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SHRULE – J.F. Quinn’s History

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The Old Manors

After the Normans had found their feet in Ireland they made elaborate preparations to hold on, erecting strongholds, in the vicinity of which they encouraged their fighting men and income producers on the land to place their dwellings. They formed both in England and Ireland what are still known as the Manor, and the head men, known as the Barons, encouraged the erection of small towns, given the status of boroughs for local administrative purposes, and in this way we had over a score of corporate towns in Mayo, most of which have ceased to exist. Amongst them was Shruher, still obtaining as Shrule, placed in the far end of the county, yet a place of considerable importance in those times. The Normans, who at the time were of superior intelligence, granted land on easy terms to encourage the building of towns. This was and is known as Burgage tenure, giving rise to the Irish Burghus, called Burgs in Scotland, and in England and Ireland “Boroughs.” The places still known as Burris and Burg are a survival recording the existence of the old towns.

We have still evidence that such places existed in Mayo, for we have the Manors of Moyne, Cong, Straide, Shrule, Kilveen (taken to be Kilmaine, or it could be Kilvine, the ancient name of Ballindine, and there is a townland called Burris there). Ballinrobe, Burrishoole, Aughagower, Kilmoremoy, Burriscarra, Castlekirke (which is supposed to be Barrett’s Castle, near Foxford), Ballylahan (Straide), Ballymonagh (which cannot for now be placed), Ross (near Killala), Mayo, Castlemore, MacCostello (Ballaghaderreen) and Lehench.These Manors were broken up under the Composition, and while we still have the ruins of most of the old castles, we know but little about the extent of the territories. I have already described how these ancient structures were built, there being no doors or windows on the ground floor, the only opening being slits for the discharge of weapons of defence, access to the upper chambers being by ladder. This was a security procedure taken against robbers and raiders, however when the conditions became more normal flights of stone stairs were erected. One of such a type were castles of Ballykine, Cushlough, Ballinahiney and others in the barony of Kilmaine.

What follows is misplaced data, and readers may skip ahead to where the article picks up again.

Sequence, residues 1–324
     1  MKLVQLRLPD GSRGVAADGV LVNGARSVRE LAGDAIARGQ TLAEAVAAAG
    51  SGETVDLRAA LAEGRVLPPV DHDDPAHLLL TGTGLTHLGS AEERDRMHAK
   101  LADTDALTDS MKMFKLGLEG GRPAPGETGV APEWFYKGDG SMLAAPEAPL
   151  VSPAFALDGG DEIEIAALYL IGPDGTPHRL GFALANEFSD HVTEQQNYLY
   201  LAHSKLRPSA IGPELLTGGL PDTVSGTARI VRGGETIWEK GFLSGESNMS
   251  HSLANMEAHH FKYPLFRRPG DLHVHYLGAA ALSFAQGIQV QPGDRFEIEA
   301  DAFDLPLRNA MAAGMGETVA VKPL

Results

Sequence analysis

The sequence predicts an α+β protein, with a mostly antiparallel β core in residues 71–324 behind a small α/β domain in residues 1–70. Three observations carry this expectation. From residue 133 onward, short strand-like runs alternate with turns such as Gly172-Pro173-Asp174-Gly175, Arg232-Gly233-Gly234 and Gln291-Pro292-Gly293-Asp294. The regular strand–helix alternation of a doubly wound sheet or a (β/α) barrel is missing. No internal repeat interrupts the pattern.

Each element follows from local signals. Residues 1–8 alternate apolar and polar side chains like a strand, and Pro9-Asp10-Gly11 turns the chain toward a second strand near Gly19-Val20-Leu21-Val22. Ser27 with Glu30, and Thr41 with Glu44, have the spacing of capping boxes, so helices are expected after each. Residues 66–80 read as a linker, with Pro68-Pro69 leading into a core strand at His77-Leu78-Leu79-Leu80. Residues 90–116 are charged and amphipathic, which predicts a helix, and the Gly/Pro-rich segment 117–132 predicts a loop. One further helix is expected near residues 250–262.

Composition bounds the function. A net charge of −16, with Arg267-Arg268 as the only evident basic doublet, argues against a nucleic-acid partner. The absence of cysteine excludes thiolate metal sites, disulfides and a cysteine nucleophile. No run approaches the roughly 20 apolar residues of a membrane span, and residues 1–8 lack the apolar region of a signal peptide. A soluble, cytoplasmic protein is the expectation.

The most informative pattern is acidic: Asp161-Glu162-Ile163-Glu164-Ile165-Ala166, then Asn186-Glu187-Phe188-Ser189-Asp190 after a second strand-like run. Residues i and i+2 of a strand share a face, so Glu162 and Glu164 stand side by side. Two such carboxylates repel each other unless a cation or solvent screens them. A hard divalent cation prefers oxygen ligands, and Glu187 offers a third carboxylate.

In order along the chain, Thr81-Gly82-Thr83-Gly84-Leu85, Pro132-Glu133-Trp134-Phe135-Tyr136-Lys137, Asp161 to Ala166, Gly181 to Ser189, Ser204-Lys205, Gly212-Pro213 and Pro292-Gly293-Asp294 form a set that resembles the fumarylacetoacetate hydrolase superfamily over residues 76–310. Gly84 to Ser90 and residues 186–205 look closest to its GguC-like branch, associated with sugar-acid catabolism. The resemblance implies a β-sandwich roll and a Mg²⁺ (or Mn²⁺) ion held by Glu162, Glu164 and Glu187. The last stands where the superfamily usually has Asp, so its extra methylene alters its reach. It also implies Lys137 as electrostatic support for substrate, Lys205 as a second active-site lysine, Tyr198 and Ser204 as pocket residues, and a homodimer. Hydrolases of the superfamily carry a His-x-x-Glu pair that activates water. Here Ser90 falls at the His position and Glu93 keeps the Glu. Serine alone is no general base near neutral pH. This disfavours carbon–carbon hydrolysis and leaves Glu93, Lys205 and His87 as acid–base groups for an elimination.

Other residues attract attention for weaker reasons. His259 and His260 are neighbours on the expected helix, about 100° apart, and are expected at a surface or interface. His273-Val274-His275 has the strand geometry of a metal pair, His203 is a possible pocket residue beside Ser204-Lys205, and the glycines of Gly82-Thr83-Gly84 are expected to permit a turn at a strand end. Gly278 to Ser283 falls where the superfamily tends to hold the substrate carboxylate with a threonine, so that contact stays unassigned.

A Single Exception

When the Barons had developed the country somewhat, and were able to live in peace, many of the old castles were re-converted, and the new ones put up indicate a changed conditions of things, the disorders -starting early in the 14th century resulting in the erection of strong defensive walls round many of the castles, like the gigantic barricade that was put round Doonamona, the Hag’s Castle and Ballyloughmask. We have one bare instance of the extent of the manors, and that in regard to Lehinch, near Hollymount. Some details of it are furnished by a law suit in the reign of Edward 11. (crowned in 1307 and murdered in Berkeley Castle twenty years later), when one of the Great Prendergasts, who gave name to the barony of Clanmorris, sued the Roches for recovery of the lands of the Manor. The result is not given, but apparently Prendergast lost, as in the same reign we had Roche’s widow successfully suing for dower. There were also other lawsuits in the same regard and we have mentioned the villas of Coolcan, Coolisel (Lisatava), Ballylayne, Dericoul Oughteragh, Derinrus, Bailibloghan, Ardalas, Synnaghcathyn, Skealoghan, Moneycrower, Lathathlong, Derineserchath, Kilglassan, and Carthy (Camas). The Manor was in the parish of Kilcommon, and the site was within the Hollymount demesne, within which Lehench demesne is still pointed out, but it was obliterated long ago, and before the mansion known as Hollymount House was built by Spencer Lyndsay.